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I studied physics before art school, and, since 2011, I’ve been the unofficial ‘artist-in-residence’ at the physics department of Imperial College London. I also work with physicists elsewhere.

Much of my work happens outside my studio, in conversations out in the world. During the pandemic, I’ve been meeting scientists in London’s Hyde Park instead of in their laboratories. This studio in my back garden is where I go to create art or have a think about what I’ve done. I store completed paintings in big rolls, like those behind me.

On the wall, I mounted the Emily Dickinson poem I Dwell in Possibility. Her work is so rich and dense, with multiple layers of meaning. The ambition expressed in this poem inspires me.

I work with different research groups, using art to ask and answer questions — such as how to reconcile light’s wave-like and particle-like behaviours — and to communicate about nature. For example, I’m creating a book of pencil drawings to illustrate an experiment that’s been used to create super-cold molecules.

I’m also working on a series of big paintings about a famous experiment, called Young’s slits, in which light is split into two beams that travel different paths. When those beams reunite and strike a screen, they interfere with each other, producing bright and dark stripes. I’m rendering a version of the experiment that also involves particles of matter. Only when both categories of particle are considered together do the stripes emerge. In my paintings, I represent the patterns of light and matter with triangles and semicircles.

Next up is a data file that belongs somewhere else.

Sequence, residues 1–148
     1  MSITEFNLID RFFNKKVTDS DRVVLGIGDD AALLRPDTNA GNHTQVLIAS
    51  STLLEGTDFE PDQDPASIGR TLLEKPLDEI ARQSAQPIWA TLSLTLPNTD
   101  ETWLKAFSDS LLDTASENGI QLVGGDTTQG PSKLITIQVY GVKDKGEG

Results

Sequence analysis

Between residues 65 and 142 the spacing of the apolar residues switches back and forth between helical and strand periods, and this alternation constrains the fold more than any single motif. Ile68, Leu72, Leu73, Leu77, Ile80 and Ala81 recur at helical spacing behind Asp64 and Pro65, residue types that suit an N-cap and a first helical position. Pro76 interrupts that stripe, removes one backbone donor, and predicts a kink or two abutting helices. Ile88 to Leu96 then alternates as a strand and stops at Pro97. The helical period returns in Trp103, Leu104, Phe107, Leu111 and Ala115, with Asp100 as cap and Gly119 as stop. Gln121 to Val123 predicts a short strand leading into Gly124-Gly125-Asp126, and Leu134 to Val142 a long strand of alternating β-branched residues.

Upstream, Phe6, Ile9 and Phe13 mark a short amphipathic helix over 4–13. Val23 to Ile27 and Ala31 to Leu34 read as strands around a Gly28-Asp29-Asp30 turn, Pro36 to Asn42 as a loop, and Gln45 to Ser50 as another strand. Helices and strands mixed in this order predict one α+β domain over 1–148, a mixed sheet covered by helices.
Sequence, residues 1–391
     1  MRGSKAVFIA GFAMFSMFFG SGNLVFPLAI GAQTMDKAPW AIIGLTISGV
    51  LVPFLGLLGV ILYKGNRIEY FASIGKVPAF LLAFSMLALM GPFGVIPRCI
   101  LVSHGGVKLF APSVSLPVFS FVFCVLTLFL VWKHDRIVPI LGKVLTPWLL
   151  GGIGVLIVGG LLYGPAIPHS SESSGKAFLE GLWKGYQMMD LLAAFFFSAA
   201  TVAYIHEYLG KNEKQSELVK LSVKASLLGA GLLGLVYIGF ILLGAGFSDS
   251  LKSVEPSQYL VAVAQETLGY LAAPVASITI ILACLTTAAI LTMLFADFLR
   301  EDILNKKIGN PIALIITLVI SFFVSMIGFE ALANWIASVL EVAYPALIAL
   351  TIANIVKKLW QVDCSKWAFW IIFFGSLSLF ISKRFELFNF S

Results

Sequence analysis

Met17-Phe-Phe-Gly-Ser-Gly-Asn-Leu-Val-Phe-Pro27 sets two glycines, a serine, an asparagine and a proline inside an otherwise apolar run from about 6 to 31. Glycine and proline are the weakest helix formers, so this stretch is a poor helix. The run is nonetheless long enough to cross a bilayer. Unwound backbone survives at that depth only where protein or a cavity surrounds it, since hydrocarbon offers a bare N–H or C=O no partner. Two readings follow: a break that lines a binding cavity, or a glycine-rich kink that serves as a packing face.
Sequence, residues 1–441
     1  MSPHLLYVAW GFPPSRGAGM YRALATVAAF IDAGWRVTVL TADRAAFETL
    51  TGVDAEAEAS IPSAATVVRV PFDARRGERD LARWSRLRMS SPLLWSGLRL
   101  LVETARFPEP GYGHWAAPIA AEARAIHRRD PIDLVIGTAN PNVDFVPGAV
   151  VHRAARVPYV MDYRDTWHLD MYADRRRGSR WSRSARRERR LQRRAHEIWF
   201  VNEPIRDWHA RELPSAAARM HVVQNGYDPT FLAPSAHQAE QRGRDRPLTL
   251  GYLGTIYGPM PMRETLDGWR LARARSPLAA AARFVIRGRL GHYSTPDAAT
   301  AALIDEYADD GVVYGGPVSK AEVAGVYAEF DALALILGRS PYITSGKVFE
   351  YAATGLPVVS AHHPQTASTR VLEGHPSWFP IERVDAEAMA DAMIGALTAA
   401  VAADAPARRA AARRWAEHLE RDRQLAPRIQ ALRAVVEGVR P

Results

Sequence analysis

A few of these paintings will appear on 1 March in the magazine Physics Today.

During the pandemic, I’ve also been developing online art–science programmes for children. In one of them, the children use spectroscopes to look at the light ‘bar codes’ unique to different chemical elements and make mobiles to illustrate what they’ve learnt.

All my work is curiosity-driven, always framed around a question, just like science.

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